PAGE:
The Belgian Sheepdogs body is well muscled. The tops of their head are flat and their muzzle is pointed. They have almond shaped eyes that are medium sized. Their teeth either meet at a scissor or even point. Their ears are triangle shaped and erect. Their tails are feathered and their feet are cat like. The different varieties all have different colored coats. The Malinois is a fawn & mahogany color with a short coat and black mask, The Tervuren is a fawn & mahogany color with a long coat and black mask, the Laekenois is a fawn color with a rough coat, and the Groenendael is black with a long coat of hair.
The Belgian Sheepdog does not have any major health problems, but like all other dogs may have common problems dogs got sometimes. Some problems this dog breed has are morbidity, which causes seizures or epilepsy. Another is Mortality; sometimes they do not live for that long. Other Minor problems they could have are skin allergies, aggressiveness, eye problems, shyness, and hip dysplasia and elbow dysplasia. They can also become obese and lazy if they do not get enough exercise and are being overfed.
The Belgian Sheepdog is a very smart and obedient breed of dog. They have strong protective and territorial instincts about them. When they are puppies it is very important to socialize them extensively, otherwise they will become shy and sensitive if not raised around people and other pets.
When training them you need to be firm, but not harsh. They tend to become uncooperative if you are harsh or overbearing with them. They are good for working and competition obedience training shows. These dogs make excellent police and guard dogs because of their protective instincts. They make excellent family pets as well. They are watchful, alert and very loyal dogs. Belgian Sheepdogs are good with children if they are well socialized with them from the start. They should be a part of the family and not locked up out in the back.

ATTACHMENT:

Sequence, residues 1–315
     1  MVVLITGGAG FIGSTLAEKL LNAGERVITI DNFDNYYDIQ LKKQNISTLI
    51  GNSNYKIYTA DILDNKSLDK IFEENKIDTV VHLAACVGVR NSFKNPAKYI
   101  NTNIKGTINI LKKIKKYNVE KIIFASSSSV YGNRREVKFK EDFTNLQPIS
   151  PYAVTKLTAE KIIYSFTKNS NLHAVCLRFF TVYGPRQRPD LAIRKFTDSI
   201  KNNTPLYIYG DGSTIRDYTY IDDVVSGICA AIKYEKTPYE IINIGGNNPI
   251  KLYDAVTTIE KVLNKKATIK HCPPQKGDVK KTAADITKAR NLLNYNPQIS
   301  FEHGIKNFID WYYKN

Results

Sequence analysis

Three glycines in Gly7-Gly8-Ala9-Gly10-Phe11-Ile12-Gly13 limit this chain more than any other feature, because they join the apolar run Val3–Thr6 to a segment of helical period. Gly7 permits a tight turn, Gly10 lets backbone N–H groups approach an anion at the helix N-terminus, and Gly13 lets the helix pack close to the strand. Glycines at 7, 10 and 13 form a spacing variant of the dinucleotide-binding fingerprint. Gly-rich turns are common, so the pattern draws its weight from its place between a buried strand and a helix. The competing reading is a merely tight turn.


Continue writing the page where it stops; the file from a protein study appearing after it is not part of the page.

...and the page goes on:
There is no doubt about it, puppies are going to chew on things! Dogs will have 28 baby teeth, and 42 permanent teeth. When a puppy is roughly 2 to 3 weeks old, their baby teeth start to come in. All their baby teeth should be in place by roughly 8 weeks of age.
The puppy’s new teeth are very tiny and sharp, and will hurt your fingers when they get a hold of them. Most mothers will start to wean their babies at 5 to 6 weeks old.
Your puppy’s baby teeth will start to come out around 8 to 12 weeks of age. By roughly 8 months old, your dog’s permanent teeth should all be in. You should make sure that all baby teeth are out, so that a tooth does not get left in, and another one comes in and crowds the space, and also gives your dog pain. You would need to visit the vet if you see this happening.
Your puppy is going to want to chew on something, just like a real baby, their teeth are coming in, and they want to relieve some of the pain. It is good for them to chew, to help the teeth come thru. You would want to get some appropriate chew items to help them.
You could start to train your dog to have their teeth brushed. You can pick up doggie tooth supplies at your local pet store usually, and get down and dirty and brush your doggies’ teeth. Rawhide chews are an excellent source of good tooth hygiene, as they are good for your dog’s teeth, and can help take off build up plaque, and dogs usually love it also!
A lot of puppies and dogs end up getting human food usually from the weakest link in the family. If your dog is under the table, they usually will go to the person they think will mostly likely give them some food scraps. If you do, just remember, chocolate and some nuts can kill your dog, never give chocolate. Raisins can be just as deadly for your dog, do not give, they can shut down your dog’s kidneys, so be very careful of these products and your puppy or dog.